Published on 2014/04/07

A Closer Look: Data-Driven Decision Making

A Closer Look: Data-Driven Decision Making
In order to use data to understand institutional trends and needs, postsecondary leaders must be clear about why each piece of data is being collected, and what it means.
Like most online education programs, our adult degree program saw tremendous growth over the past five years. Again, like most online education programs, managing the growth became top priority.

Decisions had to be made without the luxury of time to truly consider long-term impact. Because of the demand for online education, there really were no wrong decisions. Students, adults especially, wanted the flexibility, access and convenience online courses and degrees provided, so these programs continued to grow, no matter what.

At some point, however, the program’s success will be at risk if decisions continue to be made in a vacuum or solely as a reaction to the most recent provocations. The best decisions are those made with reliable data. The challenge of data-driven decision making is not deciding which data is needed; rather, it’s understanding why you need it. A plethora of data is available in any program, but separating what is interesting from what will help you make better decisions is the crucial step in the process.

To help determine what you want to measure, you have to understand why you’re measuring it. How will the data help you? The Education Advisory Board (EAB) suggests three reasons for gathering data:

  1. Assess the size and scope of your operations
  2. Measure the efficiency of your work
  3. Determine the effectiveness of your efforts

With that framework in mind, there are several key performance indicators (KPI) that can be measured in each of these categories. In addition, you can use this framework under specific areas of your operations. For our operations, I have chosen four areas with significant impact on our overall operations and where the knowledge regarding size/scope, efficiency and effectiveness will provide the information needed to make better decisions.

The four areas are financial management, admissions, enrollment and retention. KPIs in each of these areas allow for a better understanding of what we need to reach the next level. Once you determine what you’re measuring and why, determining the reports and data needed becomes a much easier process. There are a few metrics to help measure each of these elements. For example, number of applicants, admits, and enrolled are metrics that establish the size and scope of the operations for admissions whereas staff time per student measures your efficiency. Effectiveness is measured by your acceptance rate.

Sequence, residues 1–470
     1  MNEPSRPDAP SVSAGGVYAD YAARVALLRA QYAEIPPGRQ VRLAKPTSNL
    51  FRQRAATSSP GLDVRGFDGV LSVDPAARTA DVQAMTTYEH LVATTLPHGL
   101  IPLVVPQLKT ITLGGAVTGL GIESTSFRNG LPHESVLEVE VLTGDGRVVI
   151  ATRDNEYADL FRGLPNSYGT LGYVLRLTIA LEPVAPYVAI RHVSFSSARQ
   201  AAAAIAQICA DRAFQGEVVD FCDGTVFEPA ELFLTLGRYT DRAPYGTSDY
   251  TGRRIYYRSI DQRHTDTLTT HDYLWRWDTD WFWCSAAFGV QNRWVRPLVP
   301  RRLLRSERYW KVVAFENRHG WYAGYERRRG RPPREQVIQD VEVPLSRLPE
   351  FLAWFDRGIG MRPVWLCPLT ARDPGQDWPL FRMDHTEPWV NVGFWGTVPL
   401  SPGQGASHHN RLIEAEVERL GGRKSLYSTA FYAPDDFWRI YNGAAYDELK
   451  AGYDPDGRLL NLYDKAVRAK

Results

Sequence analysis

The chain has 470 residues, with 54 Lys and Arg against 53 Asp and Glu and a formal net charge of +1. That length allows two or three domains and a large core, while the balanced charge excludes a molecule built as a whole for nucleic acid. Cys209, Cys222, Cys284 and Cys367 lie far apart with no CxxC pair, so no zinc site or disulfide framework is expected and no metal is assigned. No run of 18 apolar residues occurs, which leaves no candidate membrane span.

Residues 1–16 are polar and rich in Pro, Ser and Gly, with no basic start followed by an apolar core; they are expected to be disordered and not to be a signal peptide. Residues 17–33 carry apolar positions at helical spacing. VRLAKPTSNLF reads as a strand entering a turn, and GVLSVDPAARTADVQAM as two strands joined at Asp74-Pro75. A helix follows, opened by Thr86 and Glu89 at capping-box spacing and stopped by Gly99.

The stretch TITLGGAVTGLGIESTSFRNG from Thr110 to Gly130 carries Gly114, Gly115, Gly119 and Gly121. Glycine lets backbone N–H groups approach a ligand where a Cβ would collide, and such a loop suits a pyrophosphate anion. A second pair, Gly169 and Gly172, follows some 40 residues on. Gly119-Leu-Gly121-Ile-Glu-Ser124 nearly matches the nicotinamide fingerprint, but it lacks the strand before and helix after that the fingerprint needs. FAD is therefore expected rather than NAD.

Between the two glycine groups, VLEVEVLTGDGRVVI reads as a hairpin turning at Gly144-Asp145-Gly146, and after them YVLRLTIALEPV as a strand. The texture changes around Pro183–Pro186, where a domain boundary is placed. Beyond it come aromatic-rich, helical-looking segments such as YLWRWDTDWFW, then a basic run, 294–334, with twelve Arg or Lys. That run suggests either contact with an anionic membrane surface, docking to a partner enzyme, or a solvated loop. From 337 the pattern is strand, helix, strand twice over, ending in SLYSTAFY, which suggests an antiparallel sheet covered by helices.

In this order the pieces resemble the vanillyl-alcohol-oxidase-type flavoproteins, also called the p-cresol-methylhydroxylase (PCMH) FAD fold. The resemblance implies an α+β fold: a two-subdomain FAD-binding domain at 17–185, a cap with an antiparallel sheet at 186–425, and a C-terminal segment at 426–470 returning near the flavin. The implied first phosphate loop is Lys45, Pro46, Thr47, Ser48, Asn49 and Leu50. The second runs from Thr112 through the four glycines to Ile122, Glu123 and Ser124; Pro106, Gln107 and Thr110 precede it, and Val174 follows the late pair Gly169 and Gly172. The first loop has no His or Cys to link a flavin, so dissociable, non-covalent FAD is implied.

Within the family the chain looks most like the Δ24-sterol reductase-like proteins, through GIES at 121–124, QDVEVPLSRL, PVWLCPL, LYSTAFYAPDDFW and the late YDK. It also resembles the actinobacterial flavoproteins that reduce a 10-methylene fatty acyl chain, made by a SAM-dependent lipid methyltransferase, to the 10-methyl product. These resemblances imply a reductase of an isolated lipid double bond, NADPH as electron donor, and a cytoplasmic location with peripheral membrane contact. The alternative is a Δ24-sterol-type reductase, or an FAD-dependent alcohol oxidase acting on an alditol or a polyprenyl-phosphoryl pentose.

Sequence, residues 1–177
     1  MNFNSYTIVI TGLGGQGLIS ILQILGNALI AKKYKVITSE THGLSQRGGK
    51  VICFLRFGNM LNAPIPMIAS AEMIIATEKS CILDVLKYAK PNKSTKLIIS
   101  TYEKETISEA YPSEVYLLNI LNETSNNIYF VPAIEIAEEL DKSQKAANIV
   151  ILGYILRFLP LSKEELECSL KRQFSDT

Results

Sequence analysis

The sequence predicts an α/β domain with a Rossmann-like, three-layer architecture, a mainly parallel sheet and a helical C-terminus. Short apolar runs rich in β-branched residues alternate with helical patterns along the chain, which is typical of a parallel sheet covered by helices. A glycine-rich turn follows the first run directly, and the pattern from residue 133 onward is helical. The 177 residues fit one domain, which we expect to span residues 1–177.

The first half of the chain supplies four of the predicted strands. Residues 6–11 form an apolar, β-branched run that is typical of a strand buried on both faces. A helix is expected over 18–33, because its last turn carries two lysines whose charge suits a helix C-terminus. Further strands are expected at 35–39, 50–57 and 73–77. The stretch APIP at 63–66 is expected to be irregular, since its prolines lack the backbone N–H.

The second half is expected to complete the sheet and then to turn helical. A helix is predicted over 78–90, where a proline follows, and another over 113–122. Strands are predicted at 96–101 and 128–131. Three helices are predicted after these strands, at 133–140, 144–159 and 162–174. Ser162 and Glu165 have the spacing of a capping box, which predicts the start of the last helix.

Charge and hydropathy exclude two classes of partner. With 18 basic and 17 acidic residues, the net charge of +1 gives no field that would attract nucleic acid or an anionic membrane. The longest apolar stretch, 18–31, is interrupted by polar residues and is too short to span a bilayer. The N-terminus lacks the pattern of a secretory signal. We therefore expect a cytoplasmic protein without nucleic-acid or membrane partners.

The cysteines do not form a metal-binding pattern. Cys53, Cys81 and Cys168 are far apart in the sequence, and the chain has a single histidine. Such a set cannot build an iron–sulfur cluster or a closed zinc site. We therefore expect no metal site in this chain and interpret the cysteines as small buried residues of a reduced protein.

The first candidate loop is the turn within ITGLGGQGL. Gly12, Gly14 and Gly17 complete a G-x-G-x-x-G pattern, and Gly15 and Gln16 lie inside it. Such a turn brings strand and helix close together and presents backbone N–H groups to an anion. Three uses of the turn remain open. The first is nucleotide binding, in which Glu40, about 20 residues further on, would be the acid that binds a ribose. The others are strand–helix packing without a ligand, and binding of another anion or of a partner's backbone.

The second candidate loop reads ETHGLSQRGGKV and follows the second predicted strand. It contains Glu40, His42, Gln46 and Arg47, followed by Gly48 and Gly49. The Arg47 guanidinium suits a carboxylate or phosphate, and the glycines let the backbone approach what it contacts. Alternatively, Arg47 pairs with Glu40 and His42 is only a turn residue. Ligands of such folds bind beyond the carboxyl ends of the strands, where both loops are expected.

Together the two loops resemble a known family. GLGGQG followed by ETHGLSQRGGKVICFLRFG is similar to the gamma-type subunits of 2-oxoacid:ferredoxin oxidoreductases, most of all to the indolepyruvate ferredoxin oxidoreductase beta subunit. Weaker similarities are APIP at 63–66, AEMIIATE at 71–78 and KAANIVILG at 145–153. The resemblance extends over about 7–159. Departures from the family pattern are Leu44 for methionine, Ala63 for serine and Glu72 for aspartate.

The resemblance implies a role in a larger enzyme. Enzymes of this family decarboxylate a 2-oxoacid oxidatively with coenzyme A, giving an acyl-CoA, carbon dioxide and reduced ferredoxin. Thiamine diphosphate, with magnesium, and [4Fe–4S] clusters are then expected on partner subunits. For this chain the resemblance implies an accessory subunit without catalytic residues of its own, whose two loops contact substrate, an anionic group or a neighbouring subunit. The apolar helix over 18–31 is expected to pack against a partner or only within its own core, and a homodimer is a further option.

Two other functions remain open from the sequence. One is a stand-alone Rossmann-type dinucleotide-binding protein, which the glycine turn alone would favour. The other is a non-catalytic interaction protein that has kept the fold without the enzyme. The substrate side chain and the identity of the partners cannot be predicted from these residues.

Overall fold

Data is all around us and keeping up with it can be a tremendous challenge. Without a clear understanding of both “what” and “why” regarding data, you can run reports daily without a clear reason for doing so. Realizing there’s specific data that can move your program forward to help reach goals will clarify which metrics to choose and what data to pull.

With practice, as specific challenges arise, you will be more familiar with the data you have and more selective of what data you will need to meet a particular challenge. With regular review of your KPIs, you will be able to forecast trends and identify issues early, allowing you more flexibility as an organization and security in the knowledge that the decisions you make are based on solid data.

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Readers Comments

Glenda Cullen 2014/04/07 at 9:55 am

Trombley makes an important distinction between deciding what data is needed and why it’s needed. I agree that an understanding of the latter will lead to better decision making. Simply collecting any and all data available will only lead to confusion about what is helpful and what is extraneous.
Does anyone have any recommendations/experience on how to make that distinction?

James Branden 2014/04/07 at 4:14 pm

I would add that the data required may be different according changing needs so, when you collect data based on a particular problem you’re trying to solve, it’s easier to get the appropriate data. In contrast, when you’re just collecting every bit of data, or only a certain type of data, you can greatly limit its useability.

Christina Trombley 2014/04/11 at 12:52 pm

Start with the “why” first. What is it that you are trying to do — grow the program, increase retention, find new markets? Once you have identified your goals, thus helping to answer why, then you can focus on the what. Trying to grow a program, find out where your current students are coming from. Trying to increase retention? Find out your retention rates and track why students aren’t completing.

Hope this helps!

Alan Ng 2014/04/14 at 4:36 pm

I would add a fifth area of evaluation that has proved very useful over the years for noncredit programs, which has been even higher priority for me than even retention or admissions KPI (well, admissions is usually not relevant in the noncredit market):

Evaluation of the success of program marketing. That data informs far more than just what advertising investments to make: it also informs what programs to offer and identifies student-perceived strengths and weaknesses in existing programs, ranging from academic content to instructors to registration hassles.

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